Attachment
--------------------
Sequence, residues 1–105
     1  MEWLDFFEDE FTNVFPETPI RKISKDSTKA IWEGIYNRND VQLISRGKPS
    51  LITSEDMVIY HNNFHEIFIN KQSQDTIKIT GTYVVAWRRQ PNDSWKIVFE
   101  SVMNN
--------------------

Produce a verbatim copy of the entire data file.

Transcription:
Sequence, residues 1–105
     1  MEWLDFFEDE FTNVFPETPI RKISKDSTKA IWEGIYNRND VQLISRGKPS
    51  LITSEDMVIY HNNFHEIFIN KQSQDTIKIT GTYVVAWRRQ PNDSWKIVFE
   101  SVMNN